Making it in Sweden: A matchmaking Norwegian
Published on: 17 Oct 2008 15:51 CET
Name: Ellen Cabrinetti
How long have you been living in Sweden?
I moved to Stockholm in August 2007.
Do you speak perfect Swedish?
Well, I like to think so sometimes! However, the truth is that I have only succeeded in switching an amount of words from Norwegian to Swedish to a point where the Swedes understand me at least 98 percent of the time. Even though the languages are quiet similar and we communicate well, there are times when I know nobody understands my attempt to make a joke.
What do you miss about Norway?
One of the privileges of living abroad but still close to my home country is that I get to see my family and friends more than on holidays. However, one of the things that comes to mind is to be able to go skiing on a snowy mountain less than an hour’s drive from the capital. Besides this, I miss small things like reading a Norwegian newspaper in the morning.
Do you know any good jokes about Norwegians? The Swedes seem to love those.
I am still amused with the jokes featuring “the Swede, the Dane and the Norwegian”. The Norwegians are without exception described as clueless and stupid, people who for example “will bring sandpaper to the desert as a map”.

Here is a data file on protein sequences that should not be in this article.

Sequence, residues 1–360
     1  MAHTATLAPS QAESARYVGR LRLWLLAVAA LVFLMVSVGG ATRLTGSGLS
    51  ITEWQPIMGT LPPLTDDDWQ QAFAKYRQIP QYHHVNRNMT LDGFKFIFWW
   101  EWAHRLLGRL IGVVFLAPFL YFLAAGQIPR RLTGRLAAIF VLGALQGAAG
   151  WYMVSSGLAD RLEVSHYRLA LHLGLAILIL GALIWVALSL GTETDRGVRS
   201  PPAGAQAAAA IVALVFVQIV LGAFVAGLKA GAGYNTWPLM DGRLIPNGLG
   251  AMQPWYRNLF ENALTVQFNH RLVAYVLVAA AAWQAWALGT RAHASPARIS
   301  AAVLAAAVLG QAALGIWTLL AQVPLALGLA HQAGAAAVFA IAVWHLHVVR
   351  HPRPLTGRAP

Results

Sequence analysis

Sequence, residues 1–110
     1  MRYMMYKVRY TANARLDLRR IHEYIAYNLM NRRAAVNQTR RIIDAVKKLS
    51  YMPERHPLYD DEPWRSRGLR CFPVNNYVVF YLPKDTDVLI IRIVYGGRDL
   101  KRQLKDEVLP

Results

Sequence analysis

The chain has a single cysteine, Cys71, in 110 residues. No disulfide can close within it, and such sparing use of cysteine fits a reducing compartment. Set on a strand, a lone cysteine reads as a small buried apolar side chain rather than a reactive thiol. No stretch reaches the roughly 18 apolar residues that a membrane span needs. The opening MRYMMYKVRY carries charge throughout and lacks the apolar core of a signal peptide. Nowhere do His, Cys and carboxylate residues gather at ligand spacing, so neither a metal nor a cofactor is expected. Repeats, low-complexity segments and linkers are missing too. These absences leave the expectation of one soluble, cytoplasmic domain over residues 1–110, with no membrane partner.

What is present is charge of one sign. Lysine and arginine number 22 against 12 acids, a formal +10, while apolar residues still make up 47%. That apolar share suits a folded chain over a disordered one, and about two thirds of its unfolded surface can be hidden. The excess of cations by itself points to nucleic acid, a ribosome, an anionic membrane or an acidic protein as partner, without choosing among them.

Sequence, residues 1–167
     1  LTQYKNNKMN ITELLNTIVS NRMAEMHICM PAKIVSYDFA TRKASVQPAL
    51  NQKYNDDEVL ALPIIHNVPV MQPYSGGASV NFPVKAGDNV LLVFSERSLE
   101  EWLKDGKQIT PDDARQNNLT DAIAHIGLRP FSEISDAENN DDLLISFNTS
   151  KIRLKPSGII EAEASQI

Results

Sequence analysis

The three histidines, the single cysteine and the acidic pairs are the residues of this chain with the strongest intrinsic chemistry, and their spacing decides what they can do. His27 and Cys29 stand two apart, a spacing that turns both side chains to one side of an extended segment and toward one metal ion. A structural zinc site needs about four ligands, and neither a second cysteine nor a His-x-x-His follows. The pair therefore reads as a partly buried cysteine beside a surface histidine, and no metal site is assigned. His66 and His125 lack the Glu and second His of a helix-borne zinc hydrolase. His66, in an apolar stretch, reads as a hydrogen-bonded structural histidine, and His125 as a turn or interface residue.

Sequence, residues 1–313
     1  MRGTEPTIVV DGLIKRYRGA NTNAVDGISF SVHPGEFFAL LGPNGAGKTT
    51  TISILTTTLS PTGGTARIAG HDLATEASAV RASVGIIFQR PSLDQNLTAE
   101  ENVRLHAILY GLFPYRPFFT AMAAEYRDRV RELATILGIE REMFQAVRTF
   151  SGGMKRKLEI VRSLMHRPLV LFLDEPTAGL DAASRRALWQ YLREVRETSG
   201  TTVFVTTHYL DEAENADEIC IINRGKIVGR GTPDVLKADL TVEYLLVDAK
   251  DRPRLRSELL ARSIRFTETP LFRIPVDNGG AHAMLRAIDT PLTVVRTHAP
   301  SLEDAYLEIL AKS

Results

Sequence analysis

Tell us a bit about your job.
I work with Parship, which is the largest premium online matchmaking service in Europe specifically for people who are serious about forming a lasting relationship. I work with the online marketing activities Parship carries out in Scandinavia and I also work closely with our media partners. The job doesn’t really have a title, but my area of work revolves around marketing. The job includes quite a lot of travelling to Parship headquarter in Hamburg and Scandinavia.
What's the best thing about living in Sweden?
Working abroad and living in Stockholm is a new experience for me. I would say the best thing is to spend time and learn new things with my friends and colleagues in a great city that has a lot to offer. I love the pulse of the city, and the fact that you can always see crowded restaurants and cafes any day of the week.
And the worst?
Accepting the fact that when Swedes joke about Norwegian success and happiness, and blame everything on the oil money… they are not really joking.